The Fragile Middle Class: Americans in Debt describes a study of households that filed for bankruptcy during the early 1990s and what can be learned from their experiences. The study is based on responses from a sample of about 2,400 case files. Demographic information was collected from respondents, as well as answers to an open-ended question that asked debtors the reason(s) why they had filed for bankruptcy.
According to the authors (Sullivan, Warren, and Westbrook), a middle class lifestyle can be maintained for a while with "smoke and mirrors" (i.e., increased use of credit or "borrowing from Peter to Pay Paul"). Eventually, though, if you continue to spend more than you earn, you will go broke. Between 1979 and 1997, personal bankruptcy filings increased by more than 400%. This is especially striking since this was a time of widespread economic recovery and relative prosperity for many.
The authors warn that the high number of households who file for bankruptcy is an early warning system for all Americans. Anything that causes income to decrease (e.g., job loss) or expenses to increase (e.g., uninsured medical expenses) puts a family at risk for financial difficulty. Changes in the credit industry have also increased affected borrowers' ability to repay what they owe. For example, it is now possible to charge groceries and fast food purchases and receive 125% home equity loans. Many creditors also impose late fees and penalty interest rates of 24% or more on customers who fall behind.
The authors of The Fragile Middle Class found that there were five primary causes of bankruptcy: job loss or income reduction, sickness or injury, divorce, high credit card bills, and housing costs in excess of what a person's income can support. They also found that bankrupt debtors were in "terrible financial condition." On average, they needed two and a half to three year's income in order to repay their debts and their net worth (assets minus debts) was a negative number.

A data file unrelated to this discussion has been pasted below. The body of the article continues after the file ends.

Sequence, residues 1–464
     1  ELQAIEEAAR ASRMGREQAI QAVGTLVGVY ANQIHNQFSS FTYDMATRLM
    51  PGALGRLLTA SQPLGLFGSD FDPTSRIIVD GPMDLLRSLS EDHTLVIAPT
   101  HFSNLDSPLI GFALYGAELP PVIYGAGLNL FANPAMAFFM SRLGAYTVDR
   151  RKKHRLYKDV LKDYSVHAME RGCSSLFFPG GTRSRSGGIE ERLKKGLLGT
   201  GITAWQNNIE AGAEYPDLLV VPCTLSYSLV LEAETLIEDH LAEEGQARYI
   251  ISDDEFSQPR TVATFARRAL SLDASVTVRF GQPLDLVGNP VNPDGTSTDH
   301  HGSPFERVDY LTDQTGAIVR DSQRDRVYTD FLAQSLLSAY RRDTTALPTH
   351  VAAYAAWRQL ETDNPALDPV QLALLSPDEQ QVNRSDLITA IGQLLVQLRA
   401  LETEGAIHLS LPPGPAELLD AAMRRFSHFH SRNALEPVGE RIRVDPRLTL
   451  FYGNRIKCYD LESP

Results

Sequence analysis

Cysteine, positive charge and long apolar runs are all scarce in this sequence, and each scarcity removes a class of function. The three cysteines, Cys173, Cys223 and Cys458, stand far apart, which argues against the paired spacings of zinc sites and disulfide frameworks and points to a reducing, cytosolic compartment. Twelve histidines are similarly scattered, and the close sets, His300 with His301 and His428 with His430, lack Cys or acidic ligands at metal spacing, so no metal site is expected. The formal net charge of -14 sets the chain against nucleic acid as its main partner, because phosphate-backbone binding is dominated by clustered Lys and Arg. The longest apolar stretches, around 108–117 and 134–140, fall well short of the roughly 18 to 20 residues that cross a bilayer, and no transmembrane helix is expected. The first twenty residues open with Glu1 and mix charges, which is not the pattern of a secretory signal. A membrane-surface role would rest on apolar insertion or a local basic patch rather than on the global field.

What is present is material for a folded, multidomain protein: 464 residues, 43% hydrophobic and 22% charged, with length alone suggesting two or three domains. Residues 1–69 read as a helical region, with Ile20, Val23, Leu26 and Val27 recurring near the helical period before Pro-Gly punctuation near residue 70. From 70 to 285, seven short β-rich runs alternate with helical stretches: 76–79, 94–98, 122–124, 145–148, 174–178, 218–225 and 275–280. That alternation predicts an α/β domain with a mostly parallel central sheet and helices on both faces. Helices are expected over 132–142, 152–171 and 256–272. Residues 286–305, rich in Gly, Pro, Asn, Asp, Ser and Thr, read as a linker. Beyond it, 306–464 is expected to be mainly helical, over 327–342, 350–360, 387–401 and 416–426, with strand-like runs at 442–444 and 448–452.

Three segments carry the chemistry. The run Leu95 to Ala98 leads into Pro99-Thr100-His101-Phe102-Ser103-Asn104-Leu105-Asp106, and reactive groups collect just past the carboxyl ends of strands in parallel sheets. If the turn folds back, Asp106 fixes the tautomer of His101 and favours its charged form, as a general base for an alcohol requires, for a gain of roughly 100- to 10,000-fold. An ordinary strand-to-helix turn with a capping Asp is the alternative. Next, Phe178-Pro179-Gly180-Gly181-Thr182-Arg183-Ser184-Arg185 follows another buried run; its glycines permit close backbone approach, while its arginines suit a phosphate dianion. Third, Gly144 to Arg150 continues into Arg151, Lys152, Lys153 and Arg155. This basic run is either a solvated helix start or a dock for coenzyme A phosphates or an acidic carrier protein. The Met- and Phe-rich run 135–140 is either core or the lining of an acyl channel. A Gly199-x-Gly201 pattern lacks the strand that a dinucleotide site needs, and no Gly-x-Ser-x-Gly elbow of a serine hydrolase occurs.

Job-related problems were noted in more than two of three cases. This includes loss of a job and re-employment at a lower wage. Many debtors were back to work when they filed but a period of previous unemployment got them into trouble. Bills that seemed affordable on, say, a $60,000 income were suddenly insurmountable when earnings were cut back to $30,000.
The authors note that many respondents incurred debts close to the limits of their income. Job interruption or loss is a primary cause of bankruptcy because a family's previous debts are mismatched with their current (reduced) income. Some debtors also continued to maintain their former lifestyle on credit cards, further digging themselves into debt.
Another key finding from the study is that every bankruptcy-causing event was a lot worse when a family carried a lot of credit card debt. For a family stretched to the limit, even a relatively minor crisis can put them over the edge. Divorced people are twice as likely as others to file for bankruptcy.
What are the lessons that can be learned from The Fragile Middle Class? Below are six:
Try to keep monthly debt payments below 15% of take-home pay to avoid over-extension before crisis events. In other words, live below your means and spend less than you earn.
Continue to sharpen employment skills to stay "marketable" and avoid major job interruptions.
Accept the financial realities of life events. For example, it may not be possible for either spouse to maintain the family house following a divorce.
Set aside an emergency fund of several months expenses to provide funds during a financial crisis.
Seek help with credit problems early on. Juggling bills and more credit use only makes things worse.
Don't "stretch" to buy an expensive house if mortgage payments, plus other debts, will consume 40% to 50% or more of net household income.